The Israeli army has confirmed its aircraft fired missiles into the southern Gaza Strip on Wednesday, where Palestinian infighting has consumed the region and killed at least41 people in four days.
Israel launched the strike in spite of an earlier vow from the government that it would not play into Hamas's hands by allowing the faction to lure it into the increasingly violent Palestinian infighting.
"Israel is not going to be dragged into the Gaza Strip the way that Hamas wants. We will choose the time, the place to respond and we will protect our citizens," Israeli government spokeswoman Miri Eisin had said.
The Israeli army would not give any further details on its attack, but Palestinian security officials said an Israeli helicopter fired at least three missiles, while Hamas officials said the attack hit one of its security buildings anda car.
Reports said the Israeli air strikes killedat least fivepeople and wounded dozens.
In the past two days, Hamas has fired more than 20 rockets into the southern Israeli town of Sderot.
The rocket attacks on Israel were an apparent attempt to draw Israel into theconflict so Palestinians could then unite against a common foe, CBC Middle East correspondent Peter Armstrong reported.
On Wednesday, gunmen in black ski masks roamed Gaza's near-empty streets asresidents hunkered intheir homes, which wereleftin the darkbecause of downed power lines.
Journalists take cover
Violent outbursts erupted in many parts of the city. More than 30 international journalists from various media outlets took cover in the offices of Al-Jazeera television as heavy fighting erupted around them.
"We are, in fact, without exaggeration, in grave danger," said Al-Jazeera correspondent Wael Dahdouh, his words interrupted by sounds of gunfire.
Elsewhere, Hamas gunmen stormed the home of a Fatah security chief, killing six of his bodyguards, Palestinian security and medical officials said. The bodyguards were among at least a dozen guarding the home of Rashid Abu Shbak. Neither Abu Shbak nor his family were home.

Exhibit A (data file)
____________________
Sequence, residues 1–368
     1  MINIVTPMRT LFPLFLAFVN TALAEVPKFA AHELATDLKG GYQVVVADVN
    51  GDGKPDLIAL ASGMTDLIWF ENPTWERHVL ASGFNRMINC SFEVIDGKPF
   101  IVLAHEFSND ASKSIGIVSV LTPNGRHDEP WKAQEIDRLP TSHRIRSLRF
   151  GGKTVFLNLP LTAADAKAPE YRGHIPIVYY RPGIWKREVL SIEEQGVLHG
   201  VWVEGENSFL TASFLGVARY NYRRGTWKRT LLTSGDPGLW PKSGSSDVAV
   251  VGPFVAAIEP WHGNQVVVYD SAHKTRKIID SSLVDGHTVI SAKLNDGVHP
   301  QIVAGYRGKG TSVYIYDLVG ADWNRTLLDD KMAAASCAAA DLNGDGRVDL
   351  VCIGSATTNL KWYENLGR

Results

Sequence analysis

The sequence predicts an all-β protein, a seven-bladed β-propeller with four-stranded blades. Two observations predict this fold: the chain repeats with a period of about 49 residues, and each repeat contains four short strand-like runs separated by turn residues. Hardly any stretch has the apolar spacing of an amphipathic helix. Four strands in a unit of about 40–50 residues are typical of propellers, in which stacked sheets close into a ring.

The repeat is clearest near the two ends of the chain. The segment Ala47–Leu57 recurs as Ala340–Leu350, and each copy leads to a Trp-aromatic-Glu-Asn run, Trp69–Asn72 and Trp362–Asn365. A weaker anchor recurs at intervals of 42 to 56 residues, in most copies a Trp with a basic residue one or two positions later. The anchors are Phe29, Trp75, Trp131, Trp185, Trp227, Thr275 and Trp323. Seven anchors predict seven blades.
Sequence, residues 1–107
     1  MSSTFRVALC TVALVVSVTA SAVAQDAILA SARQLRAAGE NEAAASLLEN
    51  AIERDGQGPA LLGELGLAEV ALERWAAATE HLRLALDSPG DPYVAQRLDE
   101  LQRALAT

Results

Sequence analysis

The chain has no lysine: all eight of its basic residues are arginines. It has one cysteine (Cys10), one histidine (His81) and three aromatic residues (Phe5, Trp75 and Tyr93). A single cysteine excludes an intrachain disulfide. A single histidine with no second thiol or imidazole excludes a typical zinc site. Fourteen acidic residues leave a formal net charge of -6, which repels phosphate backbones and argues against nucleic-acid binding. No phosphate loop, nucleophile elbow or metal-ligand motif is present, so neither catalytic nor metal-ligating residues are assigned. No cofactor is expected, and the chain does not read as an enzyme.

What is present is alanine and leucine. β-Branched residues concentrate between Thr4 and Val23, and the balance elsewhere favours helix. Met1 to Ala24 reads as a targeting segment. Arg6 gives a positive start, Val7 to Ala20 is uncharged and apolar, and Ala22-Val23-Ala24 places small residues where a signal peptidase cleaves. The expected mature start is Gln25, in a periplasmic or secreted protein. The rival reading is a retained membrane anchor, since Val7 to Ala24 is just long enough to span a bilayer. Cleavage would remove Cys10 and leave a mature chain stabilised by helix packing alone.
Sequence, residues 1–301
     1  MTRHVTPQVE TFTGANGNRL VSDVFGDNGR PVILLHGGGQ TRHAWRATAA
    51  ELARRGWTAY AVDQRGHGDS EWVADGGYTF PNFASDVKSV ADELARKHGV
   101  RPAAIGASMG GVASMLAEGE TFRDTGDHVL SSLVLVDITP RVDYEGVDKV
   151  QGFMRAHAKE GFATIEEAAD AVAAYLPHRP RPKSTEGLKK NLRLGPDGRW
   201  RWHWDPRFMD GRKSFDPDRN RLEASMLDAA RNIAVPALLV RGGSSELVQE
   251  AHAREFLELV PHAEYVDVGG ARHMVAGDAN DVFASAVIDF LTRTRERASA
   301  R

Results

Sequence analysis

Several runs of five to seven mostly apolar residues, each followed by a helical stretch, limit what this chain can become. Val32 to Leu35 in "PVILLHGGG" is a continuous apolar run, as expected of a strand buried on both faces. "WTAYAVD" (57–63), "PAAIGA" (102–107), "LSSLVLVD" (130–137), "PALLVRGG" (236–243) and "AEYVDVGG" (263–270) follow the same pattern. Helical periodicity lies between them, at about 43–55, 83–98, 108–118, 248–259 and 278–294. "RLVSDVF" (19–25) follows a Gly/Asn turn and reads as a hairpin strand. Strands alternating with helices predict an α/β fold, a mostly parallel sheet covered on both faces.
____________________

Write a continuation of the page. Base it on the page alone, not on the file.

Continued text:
In another incident, Hamas gunmen set fire to an 11-storey apartment building that is home to Nema Sheik Ali, a Fatah politician. The gunmen then stormed her apartment, she said.
"They came, they broke the door," she said. "They assaulted my children and they pushed me aside, then they torched the apartment."
Unresolved power struggle
Hamas also fired mortars overnight near the heavily guarded compound of Palestinian President Mahmoud Abbas of Fatah. The fighting did not reach the actual compound and Abbas was not present.
"What is happening in Gaza endangers not only the unity government, but the Palestinian social fabric, the Palestinian cause and the Palestinian strategy as a whole," said Palestinian negotiator Saeb Erekat.
The European Union issued a statement Wednesday calling on "leaders on all sides to renounce the use of violence immediately, to restore the cease-fire and to resume their dialogue."
The EU also denounced the Palestinian rocket fire at Israel.
This week's fighting was the worst since Hamas and Fatah agreed in February to share power. At the core of the fighting is the unresolved power struggle between Hamas, which won parliamentary elections last year, and Fatah, which dominated Palestinian politics for four decades.
The two sides never worked out all their differences, particularly over who would control Palestinian security forces.
Gaza's turmoil further weakened hopes for a resumption of Israeli-Palestinian peace talks, despite a new push by the Arab world to bring the sides to the table. The offer proposes Arab recognition of Israel in exchange for an Israeli withdrawal from all lands it occupied in the 1967 Mideast War.
However, negotiations would be impossible if the Palestinians descend into civil war.